Tempest, by Julie Cross:
Fun stuff. Not only does it feature time travel (yay!) and Jackson's ever-increasing powers over it, it's also got a secret maybe-evil-maybe-not time traveling society, some CIA shenanigans, combat training, and a good amount of nausea. Also, there's romance of the he-knows-her-in-the-future-when-he's-twenty-one-and-she's-of-age-but-now-he's-in-the-past-and-still-twenty-one-but-she's-seventeen-so-that's-weird-but-also-sort-of-fun/creepy-because-he's-got-the-upper-hand-in-that-he-knows-all-of-her-likes-and-dislikes-and-also-he's-pretending-to-be-poor-and-also-hiding-the-fact-that-he's-from-the-future-and-that-her-life-might-be-in-danger variety.
Although the synopsis makes it sound like forty bazillion other paranormals, Fracture is different. Yes, yes, Delaney is attracted to Troy (the mysterious dude), and yes, yes, there's a push-and-pull-and-push between her, Decker, and Troy. But it's not the same-old-same-old love triangle that we've come to expect in paranormals. The dynamics are different, and it's less about lurrrve and hormones and more about power, choice, and survival.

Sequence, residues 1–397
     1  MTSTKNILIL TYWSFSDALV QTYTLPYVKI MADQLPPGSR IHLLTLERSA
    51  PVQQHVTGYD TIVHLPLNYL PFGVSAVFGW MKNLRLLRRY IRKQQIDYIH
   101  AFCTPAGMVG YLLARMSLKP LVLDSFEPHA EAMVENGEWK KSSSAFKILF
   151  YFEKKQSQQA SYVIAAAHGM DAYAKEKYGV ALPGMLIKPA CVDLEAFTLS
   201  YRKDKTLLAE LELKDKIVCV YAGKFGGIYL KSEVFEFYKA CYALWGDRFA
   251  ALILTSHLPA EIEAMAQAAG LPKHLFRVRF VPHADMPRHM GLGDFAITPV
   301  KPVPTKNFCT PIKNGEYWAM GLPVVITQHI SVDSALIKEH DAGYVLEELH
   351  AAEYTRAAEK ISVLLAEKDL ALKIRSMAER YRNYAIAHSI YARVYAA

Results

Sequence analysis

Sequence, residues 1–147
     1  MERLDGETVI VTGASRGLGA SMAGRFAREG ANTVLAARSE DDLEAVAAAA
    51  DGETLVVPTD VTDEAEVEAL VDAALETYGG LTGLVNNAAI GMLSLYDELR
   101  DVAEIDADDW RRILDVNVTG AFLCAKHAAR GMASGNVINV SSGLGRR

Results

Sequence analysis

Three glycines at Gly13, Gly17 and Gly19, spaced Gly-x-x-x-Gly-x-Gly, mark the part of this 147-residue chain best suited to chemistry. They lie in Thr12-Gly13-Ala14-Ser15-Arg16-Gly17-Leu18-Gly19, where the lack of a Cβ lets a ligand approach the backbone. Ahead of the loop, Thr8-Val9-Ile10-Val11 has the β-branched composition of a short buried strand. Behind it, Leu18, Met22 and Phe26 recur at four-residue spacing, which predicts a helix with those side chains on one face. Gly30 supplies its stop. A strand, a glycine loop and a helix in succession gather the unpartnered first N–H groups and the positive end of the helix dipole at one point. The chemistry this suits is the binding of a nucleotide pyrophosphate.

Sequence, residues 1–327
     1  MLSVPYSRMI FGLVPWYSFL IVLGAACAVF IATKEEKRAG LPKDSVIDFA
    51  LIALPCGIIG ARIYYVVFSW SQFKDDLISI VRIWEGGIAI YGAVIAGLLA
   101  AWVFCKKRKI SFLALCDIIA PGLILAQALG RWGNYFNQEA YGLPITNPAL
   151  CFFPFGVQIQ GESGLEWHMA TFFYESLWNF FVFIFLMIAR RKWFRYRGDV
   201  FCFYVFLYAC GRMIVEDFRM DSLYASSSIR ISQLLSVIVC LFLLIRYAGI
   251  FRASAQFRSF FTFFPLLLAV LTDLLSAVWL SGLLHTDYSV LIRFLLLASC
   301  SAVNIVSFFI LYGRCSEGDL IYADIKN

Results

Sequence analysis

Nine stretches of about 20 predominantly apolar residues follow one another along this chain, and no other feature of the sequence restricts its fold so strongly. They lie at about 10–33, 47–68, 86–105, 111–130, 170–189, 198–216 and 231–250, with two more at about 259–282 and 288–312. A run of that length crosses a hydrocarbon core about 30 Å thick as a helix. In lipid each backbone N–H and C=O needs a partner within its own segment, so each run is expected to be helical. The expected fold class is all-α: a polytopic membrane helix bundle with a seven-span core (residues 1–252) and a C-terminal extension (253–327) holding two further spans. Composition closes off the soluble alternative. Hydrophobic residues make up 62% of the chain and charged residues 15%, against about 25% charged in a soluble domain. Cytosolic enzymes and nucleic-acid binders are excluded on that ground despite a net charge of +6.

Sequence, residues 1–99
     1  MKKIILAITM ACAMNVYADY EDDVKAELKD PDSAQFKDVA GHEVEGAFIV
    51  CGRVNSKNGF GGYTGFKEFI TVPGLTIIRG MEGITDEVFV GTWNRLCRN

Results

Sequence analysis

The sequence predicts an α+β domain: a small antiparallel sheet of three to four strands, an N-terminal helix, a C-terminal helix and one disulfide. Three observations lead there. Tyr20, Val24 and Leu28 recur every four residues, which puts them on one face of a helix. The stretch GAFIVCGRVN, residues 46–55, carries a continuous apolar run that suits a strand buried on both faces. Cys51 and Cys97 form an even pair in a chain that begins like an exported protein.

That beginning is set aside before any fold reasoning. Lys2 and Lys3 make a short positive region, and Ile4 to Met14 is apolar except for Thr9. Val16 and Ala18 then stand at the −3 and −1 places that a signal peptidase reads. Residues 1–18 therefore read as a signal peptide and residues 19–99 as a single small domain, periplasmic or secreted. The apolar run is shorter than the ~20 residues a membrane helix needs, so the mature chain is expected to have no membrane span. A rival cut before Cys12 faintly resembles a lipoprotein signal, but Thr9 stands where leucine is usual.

Wildthorn, by Jane Eagland:
Fair or not, while reading, rather than looking at Wildthorn alone, I kept comparing it to Sarah Waters' Fingersmith. And, in my defense, there are some pretty obvious parallels. So, for me, Wildthorn read like a really, really diluted Fingersmith—it was missing the atmosphere, the passion, the subtlety, the complexity, the flair.
Mad Love, by Suzanne Selfors:
The problem with Mad Love is that it has so many threads that none of them feel satisfying: Alice’s romance with Tony. Alice’s relationship with Errol. Errol’s relationship with the girls of Velvet’s Temple of Beauty. Alice’s feelings about her mother’s bipolar disorder, the consequences of hiding it from the world, and her fears that she will inherit it. Alice’s attempt to write a novel in three weeks. Realm’s blackmail plot. Realm’s anorexia. Mrs. Bobot’s unrequited love. Rev. Ruttles’ disrespectful treatment of Archibald. There may have been more. Oh! Right. Alice’s MAGICAL ABILITY TO SEE PEOPLES’ AURAS.
Amazon | Indiebound.